December 8, 2022

Former chairman of the Commodity Futures Trading Commission, Gary Gensler, testifies at a US Senate Banking Committee hearing on systemic risk and market oversight on Capitol Hill in Washington on May 22, 2012.

Jonathan Ernst | Reuters

The Securities and Exchange Commission announced on Friday that it is intensifying its investigation into gamification and behavioral prompts used by online brokers and investment advisors to encourage people to trade more stocks and other securities.

Wall Street’s top regulator said that rosy earnings forecasts can mislead investors from technology that in reality underestimates the risk of a particular investment or the chances of staggering returns.

“While new technologies allow us greater access and product choice, they also raise the question of whether we as investors are adequately protected when we trade and seek financial advice,” said SEC chairman Gary Gensler in a press release. “In many cases, these characteristics can encourage investors to trade more often, to invest in other products or to change their investment strategy.”

The SEC often seeks public comments before drafting new rules and regulations for Wall Street, which means Friday’s announcement, while procedural, could be a headache for industry leaders.

Robinhood Markets, the operator of a popular digital trading platform that has been under scrutiny for its client trading requests, fell as much as 1% to the day’s lows, according to the SEC report.

The commission said that online investment firms and brokers often use “predictive” analytics tools designed to show clients what they would make under optimal – but not necessarily likely – outcomes.

While brokers may disclose that their predictive models are no guarantees of future returns, Gensler would like to gather investors’ thoughts on game-like features on financial platforms, behavioral prompts, more frequent trading, and “other digital elements or features designed to interact with” retail investors on digital platforms. “

As part of the announcement, the SEC announced that it would collect public submissions for 30 days after the application and comment forms are made available online.

Gensler said he was particularly keen to hear from the public on two key issues.

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First, the SEC chairman would like to know how financial regulators should protect investors from a potential conflict of interest.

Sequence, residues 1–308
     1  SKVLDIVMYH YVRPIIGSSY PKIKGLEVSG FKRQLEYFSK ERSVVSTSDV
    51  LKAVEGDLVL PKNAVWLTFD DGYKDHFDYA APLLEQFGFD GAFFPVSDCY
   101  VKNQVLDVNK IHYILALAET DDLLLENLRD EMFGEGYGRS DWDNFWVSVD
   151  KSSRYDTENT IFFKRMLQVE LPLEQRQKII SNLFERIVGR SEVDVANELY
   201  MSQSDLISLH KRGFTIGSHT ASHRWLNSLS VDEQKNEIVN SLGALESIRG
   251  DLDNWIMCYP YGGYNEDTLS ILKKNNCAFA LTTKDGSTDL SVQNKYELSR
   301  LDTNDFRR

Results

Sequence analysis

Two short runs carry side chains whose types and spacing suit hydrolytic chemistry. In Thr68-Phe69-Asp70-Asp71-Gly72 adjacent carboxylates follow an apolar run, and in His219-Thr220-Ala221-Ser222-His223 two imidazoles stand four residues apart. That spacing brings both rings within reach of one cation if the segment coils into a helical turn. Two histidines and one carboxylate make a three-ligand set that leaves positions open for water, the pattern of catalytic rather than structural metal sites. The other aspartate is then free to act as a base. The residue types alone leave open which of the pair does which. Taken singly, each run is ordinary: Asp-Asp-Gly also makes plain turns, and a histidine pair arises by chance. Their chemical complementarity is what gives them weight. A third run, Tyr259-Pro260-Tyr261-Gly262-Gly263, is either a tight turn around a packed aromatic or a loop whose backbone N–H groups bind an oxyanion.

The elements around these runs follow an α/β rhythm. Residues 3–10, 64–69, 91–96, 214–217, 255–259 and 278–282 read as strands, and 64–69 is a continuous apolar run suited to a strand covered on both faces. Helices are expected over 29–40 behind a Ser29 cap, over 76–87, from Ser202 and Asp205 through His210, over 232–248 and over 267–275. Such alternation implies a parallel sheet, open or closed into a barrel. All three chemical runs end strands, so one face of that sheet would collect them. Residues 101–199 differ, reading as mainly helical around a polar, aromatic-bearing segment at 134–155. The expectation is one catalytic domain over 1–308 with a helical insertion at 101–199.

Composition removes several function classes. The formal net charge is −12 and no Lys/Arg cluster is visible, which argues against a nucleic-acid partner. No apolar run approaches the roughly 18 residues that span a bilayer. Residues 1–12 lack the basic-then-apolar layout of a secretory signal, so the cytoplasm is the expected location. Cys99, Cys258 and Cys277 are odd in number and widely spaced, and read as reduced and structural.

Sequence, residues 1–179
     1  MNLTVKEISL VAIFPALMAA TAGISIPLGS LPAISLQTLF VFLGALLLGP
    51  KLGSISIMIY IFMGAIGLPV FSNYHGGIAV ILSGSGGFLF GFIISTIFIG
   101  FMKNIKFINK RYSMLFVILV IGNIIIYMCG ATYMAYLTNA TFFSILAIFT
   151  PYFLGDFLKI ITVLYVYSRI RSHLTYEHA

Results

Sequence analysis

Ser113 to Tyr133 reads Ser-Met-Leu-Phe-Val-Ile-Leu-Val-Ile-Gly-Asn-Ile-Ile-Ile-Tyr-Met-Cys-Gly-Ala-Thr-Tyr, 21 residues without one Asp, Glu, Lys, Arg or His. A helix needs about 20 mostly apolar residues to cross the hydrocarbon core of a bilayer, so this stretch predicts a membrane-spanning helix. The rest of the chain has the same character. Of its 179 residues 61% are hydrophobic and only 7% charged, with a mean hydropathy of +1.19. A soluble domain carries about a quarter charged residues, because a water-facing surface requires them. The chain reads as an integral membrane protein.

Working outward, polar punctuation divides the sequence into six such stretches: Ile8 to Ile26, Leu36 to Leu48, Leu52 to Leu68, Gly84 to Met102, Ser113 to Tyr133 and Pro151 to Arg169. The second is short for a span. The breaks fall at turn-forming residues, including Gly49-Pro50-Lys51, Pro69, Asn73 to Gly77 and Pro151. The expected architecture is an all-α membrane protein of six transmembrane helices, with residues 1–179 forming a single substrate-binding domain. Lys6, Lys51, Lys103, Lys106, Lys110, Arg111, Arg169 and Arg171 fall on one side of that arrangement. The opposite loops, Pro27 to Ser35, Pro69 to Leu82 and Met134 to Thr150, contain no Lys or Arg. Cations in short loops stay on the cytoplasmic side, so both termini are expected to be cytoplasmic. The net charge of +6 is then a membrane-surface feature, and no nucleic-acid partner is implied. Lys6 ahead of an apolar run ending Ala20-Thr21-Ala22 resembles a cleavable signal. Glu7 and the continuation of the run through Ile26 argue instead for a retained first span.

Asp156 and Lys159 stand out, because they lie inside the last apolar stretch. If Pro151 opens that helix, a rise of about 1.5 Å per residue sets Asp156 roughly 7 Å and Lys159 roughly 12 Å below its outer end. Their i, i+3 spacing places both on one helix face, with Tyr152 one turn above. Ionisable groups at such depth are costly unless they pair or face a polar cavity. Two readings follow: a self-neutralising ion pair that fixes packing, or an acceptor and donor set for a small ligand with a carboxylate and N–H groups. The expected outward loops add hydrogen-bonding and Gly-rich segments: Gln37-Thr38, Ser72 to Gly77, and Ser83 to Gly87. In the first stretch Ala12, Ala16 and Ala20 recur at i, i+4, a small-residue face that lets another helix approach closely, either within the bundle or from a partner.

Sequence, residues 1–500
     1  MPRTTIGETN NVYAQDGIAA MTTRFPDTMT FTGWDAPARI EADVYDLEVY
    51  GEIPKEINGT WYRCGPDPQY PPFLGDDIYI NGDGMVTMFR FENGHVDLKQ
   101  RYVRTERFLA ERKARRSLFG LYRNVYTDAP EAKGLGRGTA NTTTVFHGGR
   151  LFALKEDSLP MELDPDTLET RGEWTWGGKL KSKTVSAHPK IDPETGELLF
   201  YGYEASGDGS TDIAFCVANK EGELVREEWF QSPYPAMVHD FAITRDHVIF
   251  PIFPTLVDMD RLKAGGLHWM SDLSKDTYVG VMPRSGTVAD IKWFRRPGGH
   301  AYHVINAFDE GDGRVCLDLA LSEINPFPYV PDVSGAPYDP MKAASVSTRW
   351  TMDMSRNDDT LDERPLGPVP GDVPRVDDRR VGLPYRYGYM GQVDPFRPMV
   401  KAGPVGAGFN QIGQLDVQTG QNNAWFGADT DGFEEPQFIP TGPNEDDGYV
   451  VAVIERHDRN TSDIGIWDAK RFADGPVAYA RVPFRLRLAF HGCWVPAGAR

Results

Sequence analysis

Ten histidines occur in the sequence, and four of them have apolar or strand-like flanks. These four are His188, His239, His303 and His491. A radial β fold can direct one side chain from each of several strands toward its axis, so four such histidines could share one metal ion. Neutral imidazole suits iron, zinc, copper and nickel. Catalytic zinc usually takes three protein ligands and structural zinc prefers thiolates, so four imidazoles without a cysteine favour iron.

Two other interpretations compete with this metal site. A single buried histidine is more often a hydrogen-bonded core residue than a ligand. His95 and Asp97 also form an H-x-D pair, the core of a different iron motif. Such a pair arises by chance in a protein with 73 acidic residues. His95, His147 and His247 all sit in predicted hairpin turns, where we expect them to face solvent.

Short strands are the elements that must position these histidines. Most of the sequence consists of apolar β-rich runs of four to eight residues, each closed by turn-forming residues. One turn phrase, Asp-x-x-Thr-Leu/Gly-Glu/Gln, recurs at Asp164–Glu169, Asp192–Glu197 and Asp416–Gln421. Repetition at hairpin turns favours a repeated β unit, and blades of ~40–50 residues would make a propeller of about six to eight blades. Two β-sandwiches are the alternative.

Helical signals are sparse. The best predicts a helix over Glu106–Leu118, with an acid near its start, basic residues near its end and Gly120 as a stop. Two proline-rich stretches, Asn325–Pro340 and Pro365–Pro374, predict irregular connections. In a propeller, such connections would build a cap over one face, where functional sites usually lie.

Online brokers make profits when their customers trade more often. Robinhood Markets, for example, makes part of its money by sending its customers’ orders to high-frequency traders for cash. This process is itself controversial and known on Wall Street as paying for the flow of orders.

But if game-like prompts or congratulatory messages from online brokers encourage customers to make more trades – and especially if more trades result in poor portfolio performance at slightly lower prices – should the SEC intervene?

Gensler’s second key question is a little more cerebral.

In essence, the SEC wants to answer: If the game-like or predictive prompts from brokers are producing optimal results and affecting how often clients trade, should the regulator treat those prompts in the app as formal investment recommendations or advice?

The SEC often seeks public comments before drafting new rules and regulations for Wall Street, which means Friday’s announcement, while procedural, could be a headache for industry leaders.

Despite the stellar growth of the millennials favorite stock trading app, Robinhood has faced regulatory headwinds when it comes to its digital engagement with its millions of clients.

The Financial Industry Regulatory Authority imposed Robinhood in June with the highest fine ever of around $ 70 million. FINRA said its punishment was in response to Robinhood’s technical failures in March during a spike in trading frenzy, their lack of diligence in authorizing clients to place option trades, and providing misleading information to clients on aspects such as margin trading.

CEO Vlad Tenev testified to the U.S. House of Representatives Financial Services Committee in February about the GameStop trading mania in early 2021.

Robinhood also paid the SEC $ 65 million after being charged with misleading clients about how the app makes money and fails to deliver the promised best execution of trades.

In response to the public backlash, Robinhood has since taken steps to address some of the controls, such as:

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